But are this charismatic young man and his ambitious project for real?

''I keep pinching myself to realize that he's only a freshman,'' says network board member Donald F. Hornig, director of interdisciplinary programs in health at Harvard's School of Public Health.

Dr. Hornig, who was once science adviser to President Johnson, adds: ''He is young. But he is the principle asset of the program. There are the others around him who are committed, but I think they're getting the inspiration from him. He is incredible. It takes a lot of imagination and drive to get funding for programs in (the) Bengal (area of Bangladesh) from Italian schoolchildren,'' he says referring to Kamal's earlier project. ''He just keeps on making things happen.''

Another director, C. Peter Timmer, professor of business and agriculture at the Harvard Graduate School of Business, points out that Kamal comes from a very successful family: ''His father is head of the Nutrition Institute at the University in Dacca, his mother is an economist and economic planner. The family's nine children have all been extremely successful as well.''

Dr. Timmer suggests that growing up in such a vigorous family, in a country with such obvious need, has spurred Kamal through his various ventures to the most recent project.

He adds that ''everybody is a little bit in awe of him. Everyone but Kamal,'' he says.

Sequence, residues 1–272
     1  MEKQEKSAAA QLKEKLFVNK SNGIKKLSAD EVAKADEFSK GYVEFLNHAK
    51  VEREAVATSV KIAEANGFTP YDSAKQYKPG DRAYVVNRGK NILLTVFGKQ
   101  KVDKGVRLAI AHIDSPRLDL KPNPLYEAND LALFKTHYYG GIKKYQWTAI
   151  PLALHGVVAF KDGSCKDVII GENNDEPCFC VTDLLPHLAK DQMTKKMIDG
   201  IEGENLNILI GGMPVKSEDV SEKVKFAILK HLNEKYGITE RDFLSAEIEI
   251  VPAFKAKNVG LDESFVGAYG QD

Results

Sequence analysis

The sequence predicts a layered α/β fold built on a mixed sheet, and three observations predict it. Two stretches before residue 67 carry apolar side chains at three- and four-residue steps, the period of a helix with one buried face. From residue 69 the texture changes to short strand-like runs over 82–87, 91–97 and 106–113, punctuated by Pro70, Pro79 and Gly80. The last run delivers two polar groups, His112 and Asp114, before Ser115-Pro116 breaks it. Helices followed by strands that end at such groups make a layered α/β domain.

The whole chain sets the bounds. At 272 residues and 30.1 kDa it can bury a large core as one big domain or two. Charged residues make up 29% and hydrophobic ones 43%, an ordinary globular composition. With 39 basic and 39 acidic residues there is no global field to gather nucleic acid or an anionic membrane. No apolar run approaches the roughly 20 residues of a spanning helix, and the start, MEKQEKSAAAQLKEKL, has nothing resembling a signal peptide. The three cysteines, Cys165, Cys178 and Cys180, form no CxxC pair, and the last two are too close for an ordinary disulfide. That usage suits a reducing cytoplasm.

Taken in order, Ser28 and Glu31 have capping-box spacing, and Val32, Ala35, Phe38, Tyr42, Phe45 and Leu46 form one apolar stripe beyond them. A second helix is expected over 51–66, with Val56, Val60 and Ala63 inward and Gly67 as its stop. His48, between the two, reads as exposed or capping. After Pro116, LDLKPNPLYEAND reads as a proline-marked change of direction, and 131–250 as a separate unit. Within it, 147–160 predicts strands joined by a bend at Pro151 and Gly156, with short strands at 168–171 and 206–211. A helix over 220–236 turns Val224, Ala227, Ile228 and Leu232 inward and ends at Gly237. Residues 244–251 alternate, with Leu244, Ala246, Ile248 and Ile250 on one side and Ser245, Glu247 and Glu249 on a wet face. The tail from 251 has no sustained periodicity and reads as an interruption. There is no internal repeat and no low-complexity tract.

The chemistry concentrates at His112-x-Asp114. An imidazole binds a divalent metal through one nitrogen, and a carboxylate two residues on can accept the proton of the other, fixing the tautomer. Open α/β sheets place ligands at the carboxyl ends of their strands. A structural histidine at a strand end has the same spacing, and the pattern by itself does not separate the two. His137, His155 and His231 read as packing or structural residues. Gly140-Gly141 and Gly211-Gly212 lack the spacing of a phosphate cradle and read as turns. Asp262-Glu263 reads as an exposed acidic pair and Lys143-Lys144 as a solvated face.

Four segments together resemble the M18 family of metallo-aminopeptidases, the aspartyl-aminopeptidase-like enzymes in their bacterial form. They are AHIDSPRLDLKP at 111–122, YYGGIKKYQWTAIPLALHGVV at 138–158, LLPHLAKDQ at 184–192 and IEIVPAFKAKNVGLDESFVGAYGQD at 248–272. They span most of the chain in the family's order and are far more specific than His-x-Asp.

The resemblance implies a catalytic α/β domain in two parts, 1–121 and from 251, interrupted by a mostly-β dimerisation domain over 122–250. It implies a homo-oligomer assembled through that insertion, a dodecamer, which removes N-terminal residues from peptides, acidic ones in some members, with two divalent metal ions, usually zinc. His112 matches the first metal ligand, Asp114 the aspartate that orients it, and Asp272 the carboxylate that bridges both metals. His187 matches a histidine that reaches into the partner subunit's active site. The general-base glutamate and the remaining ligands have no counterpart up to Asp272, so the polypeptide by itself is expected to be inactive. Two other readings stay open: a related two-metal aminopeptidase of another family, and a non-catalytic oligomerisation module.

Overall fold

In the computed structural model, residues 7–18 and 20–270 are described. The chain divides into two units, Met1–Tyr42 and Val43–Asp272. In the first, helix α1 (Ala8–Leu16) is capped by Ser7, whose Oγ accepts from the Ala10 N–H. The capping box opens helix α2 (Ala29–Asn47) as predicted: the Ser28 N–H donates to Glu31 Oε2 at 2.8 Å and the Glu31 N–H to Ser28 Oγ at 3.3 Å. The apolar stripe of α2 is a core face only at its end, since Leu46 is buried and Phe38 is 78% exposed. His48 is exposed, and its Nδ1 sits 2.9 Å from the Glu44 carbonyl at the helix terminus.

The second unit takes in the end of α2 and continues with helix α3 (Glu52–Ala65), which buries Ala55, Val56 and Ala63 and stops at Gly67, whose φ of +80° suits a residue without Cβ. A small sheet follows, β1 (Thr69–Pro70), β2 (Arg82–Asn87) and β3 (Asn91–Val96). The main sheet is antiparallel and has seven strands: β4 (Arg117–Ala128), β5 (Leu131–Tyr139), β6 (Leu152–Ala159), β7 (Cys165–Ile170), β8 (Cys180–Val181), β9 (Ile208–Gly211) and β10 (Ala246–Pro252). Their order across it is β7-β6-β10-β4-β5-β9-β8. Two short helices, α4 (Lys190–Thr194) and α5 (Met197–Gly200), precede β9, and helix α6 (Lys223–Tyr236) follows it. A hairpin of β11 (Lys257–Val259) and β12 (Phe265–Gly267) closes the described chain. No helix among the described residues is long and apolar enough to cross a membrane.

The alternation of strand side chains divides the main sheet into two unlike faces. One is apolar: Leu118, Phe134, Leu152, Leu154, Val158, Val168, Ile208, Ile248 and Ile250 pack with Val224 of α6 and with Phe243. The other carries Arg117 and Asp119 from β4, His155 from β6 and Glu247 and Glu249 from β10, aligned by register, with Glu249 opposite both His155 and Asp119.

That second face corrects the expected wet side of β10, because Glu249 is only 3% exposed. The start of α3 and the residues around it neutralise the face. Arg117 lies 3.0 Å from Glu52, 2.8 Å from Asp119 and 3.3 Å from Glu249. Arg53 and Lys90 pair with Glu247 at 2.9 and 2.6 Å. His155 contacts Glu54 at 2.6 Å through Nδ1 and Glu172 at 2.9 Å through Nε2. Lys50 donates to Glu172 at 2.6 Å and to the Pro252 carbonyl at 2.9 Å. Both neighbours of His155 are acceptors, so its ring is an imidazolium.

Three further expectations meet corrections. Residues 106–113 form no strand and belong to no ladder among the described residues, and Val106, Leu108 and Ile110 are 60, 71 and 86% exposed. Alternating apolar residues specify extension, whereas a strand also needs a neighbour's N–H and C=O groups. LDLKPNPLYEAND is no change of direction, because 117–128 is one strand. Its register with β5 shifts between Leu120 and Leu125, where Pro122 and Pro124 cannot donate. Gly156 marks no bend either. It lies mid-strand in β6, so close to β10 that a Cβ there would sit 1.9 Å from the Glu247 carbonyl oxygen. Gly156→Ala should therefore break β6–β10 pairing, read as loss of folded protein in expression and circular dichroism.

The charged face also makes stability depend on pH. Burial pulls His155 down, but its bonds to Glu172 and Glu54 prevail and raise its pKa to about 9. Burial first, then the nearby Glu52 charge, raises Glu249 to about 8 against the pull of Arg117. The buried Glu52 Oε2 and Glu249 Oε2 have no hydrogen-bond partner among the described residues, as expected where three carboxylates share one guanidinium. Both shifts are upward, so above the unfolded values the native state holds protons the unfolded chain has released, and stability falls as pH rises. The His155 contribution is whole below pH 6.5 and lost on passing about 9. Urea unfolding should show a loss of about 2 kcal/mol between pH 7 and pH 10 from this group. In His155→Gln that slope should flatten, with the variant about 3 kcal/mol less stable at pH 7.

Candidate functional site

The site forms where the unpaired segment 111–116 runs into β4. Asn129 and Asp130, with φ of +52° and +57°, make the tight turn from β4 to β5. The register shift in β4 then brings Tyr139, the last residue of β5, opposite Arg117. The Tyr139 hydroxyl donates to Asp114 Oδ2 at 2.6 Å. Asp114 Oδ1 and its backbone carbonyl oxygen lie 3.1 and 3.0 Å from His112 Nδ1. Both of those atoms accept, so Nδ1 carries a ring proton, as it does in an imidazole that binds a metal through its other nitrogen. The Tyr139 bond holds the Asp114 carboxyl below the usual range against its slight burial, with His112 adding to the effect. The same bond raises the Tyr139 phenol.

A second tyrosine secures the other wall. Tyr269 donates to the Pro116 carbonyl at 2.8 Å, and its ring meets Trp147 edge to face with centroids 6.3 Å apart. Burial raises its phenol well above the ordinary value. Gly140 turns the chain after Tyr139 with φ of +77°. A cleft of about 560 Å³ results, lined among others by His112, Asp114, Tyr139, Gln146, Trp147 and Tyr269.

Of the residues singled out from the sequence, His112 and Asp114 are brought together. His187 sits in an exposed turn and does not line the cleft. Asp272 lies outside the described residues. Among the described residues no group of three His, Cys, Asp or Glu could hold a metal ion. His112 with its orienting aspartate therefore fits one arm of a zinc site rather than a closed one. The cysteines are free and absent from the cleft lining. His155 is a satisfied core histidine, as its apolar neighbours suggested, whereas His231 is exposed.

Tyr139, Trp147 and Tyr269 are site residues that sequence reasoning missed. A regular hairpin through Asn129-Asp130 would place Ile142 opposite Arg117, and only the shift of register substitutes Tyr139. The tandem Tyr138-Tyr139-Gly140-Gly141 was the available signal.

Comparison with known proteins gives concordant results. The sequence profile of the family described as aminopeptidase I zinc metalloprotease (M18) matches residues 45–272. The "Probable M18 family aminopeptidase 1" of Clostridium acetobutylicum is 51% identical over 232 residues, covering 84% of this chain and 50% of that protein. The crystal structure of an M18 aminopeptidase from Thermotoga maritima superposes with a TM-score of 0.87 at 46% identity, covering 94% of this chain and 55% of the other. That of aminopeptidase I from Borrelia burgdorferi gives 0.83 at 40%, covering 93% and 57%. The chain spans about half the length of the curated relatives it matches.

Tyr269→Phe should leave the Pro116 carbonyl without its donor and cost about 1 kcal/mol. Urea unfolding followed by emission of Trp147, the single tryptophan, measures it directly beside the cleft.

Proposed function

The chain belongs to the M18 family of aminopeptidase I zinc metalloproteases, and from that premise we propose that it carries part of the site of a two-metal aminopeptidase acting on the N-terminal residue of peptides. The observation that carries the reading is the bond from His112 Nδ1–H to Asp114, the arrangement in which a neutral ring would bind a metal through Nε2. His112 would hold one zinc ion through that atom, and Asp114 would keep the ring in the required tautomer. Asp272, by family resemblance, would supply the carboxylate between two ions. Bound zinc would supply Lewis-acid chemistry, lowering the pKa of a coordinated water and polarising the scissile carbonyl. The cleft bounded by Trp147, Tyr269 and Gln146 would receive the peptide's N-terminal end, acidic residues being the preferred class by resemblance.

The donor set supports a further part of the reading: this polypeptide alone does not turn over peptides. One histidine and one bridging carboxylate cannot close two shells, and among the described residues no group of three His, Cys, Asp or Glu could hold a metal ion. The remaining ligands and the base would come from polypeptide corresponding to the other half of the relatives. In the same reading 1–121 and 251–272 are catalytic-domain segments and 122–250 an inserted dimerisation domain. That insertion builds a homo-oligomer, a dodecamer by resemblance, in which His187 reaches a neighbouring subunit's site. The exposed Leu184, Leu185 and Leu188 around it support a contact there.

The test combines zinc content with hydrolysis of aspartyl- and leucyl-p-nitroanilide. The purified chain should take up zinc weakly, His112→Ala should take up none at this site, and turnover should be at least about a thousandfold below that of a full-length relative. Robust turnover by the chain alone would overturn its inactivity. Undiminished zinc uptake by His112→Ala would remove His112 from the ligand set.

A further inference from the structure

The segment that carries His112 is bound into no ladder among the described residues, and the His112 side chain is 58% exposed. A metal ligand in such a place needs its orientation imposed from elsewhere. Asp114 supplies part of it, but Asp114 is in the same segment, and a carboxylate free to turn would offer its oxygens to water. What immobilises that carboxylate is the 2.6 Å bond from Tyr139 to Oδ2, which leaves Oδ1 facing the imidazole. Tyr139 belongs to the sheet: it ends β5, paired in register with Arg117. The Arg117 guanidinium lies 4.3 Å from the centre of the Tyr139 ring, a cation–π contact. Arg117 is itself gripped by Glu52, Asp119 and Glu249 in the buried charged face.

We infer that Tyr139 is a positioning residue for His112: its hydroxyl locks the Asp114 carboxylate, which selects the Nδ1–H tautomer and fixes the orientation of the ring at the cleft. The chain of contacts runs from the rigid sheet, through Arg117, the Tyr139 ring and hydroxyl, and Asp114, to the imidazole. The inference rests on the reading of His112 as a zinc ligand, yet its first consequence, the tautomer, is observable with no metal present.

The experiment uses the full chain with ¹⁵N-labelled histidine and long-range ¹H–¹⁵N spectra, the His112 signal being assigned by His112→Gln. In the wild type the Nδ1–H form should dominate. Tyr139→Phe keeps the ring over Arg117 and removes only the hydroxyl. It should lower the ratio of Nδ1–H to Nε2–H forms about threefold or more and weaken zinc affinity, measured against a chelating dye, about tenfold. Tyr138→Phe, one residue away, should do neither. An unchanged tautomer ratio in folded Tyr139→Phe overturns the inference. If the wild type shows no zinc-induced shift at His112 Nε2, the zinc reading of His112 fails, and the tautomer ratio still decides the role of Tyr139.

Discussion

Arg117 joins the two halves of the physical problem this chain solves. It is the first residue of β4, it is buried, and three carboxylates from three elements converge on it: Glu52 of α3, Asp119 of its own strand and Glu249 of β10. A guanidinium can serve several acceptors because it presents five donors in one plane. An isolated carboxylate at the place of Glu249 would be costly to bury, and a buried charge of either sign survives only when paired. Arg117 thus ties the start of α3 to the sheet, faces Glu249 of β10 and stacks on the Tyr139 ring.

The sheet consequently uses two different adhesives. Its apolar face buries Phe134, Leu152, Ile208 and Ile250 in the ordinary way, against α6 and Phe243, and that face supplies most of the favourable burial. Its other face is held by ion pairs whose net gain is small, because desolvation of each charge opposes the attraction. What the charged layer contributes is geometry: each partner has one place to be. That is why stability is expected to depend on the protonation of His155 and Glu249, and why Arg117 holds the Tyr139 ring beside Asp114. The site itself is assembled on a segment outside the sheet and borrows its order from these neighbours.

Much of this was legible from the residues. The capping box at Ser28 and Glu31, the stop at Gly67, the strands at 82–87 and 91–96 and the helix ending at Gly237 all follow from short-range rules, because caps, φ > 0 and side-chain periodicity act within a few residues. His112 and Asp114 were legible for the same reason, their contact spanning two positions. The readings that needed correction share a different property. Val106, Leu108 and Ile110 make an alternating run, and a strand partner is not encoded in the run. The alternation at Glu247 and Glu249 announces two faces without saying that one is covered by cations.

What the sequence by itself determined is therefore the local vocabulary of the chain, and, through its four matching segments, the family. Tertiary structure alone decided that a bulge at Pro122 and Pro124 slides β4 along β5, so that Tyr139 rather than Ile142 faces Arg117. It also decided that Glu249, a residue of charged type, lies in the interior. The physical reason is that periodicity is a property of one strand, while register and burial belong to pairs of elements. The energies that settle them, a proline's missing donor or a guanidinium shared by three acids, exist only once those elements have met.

And in his own modest way, Kamal explains how he got involved.

''It was just before the United Nations (International) Year of the Child ( 1979) and I felt somewhat awkward about it,'' he says. ''There were so many poor kids from the slums. . . .''

He says he decided to set up a classroom in a vacant car garage to help them learn to read, and get them off the streets and into domestic jobs where they could have a place to sleep, get something to eat, maybe even some cash. When the authorities kicked his first class out of the garage, he says they picked up and moved to a dead-end road near the university campus that had been blocked off by the government.

''We built a bamboo hut with a mud floor in two to three days. No one knew whose property it was,'' he says, ''and no one asked.''

He then contacted the Canadian University Services Overseas (CUSO) organization which in turn ''hooked us up with an elementary school group in southern Italy. They (the Italian children) raised money for our schools and set up exhibits. . . .''

When Kamal, as coordinator of his Juvenile Literacy Program, went to the Canadians' office to pick up the first check, he says ''they said 'Hmmm, how about getting someone older to help you.' ''

''So I went to my school principal and asked him to go along with me,'' Kamal says, ''and they gave him the check.''

Kamal then hired six university students to teach.

Did they think an eighth grader hiring them to teach poor children was a joke? ''Not when I was paying them,'' Kamal says with a smile.

Dr. Hornig says his only concern about Kamal's latest project is that ''it is an enormously ambitious program. They may be attempting too many things too soon. Whether they can keep up the inspiration is yet to be seen. But Kamal is a fount of good ideas and experience. The fact that he's done it - that is the key.''

The most important thing in the long run, Dr. Hornig suggests, is to make the eventual transition from ''a personal venture to a public program with a sufficiently broad base.''

Dr. Timmer agrees. ''I think they're going to accomplish a lot. They'll get lots of good people with a lot of enthusiasm. What is clearly going to be the real test,'' he adds, ''is when Kamal goes on to something else. If the project can work without his charismatic leadership, then it will be a real success.''